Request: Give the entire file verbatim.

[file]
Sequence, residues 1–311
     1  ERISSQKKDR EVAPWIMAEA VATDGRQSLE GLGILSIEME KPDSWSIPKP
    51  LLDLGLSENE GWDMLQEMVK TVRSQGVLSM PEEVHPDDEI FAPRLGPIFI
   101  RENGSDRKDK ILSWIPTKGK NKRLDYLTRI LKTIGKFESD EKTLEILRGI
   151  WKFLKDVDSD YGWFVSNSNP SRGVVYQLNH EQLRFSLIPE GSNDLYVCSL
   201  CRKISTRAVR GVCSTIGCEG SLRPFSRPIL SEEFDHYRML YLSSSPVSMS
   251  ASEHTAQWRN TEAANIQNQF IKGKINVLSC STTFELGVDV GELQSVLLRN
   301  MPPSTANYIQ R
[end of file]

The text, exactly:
Sequence, residues 1–311
     1  ERISSQKKDR EVAPWIMAEA VATDGRQSLE GLGILSIEME KPDSWSIPKP
    51  LLDLGLSENE GWDMLQEMVK TVRSQGVLSM PEEVHPDDEI FAPRLGPIFI
   101  RENGSDRKDK ILSWIPTKGK NKRLDYLTRI LKTIGKFESD EKTLEILRGI
   151  WKFLKDVDSD YGWFVSNSNP SRGVVYQLNH EQLRFSLIPE GSNDLYVCSL
   201  CRKISTRAVR GVCSTIGCEG SLRPFSRPIL SEEFDHYRML YLSSSPVSMS
   251  ASEHTAQWRN TEAANIQNQF IKGKINVLSC STTFELGVDV GELQSVLLRN
   301  MPPSTANYIQ R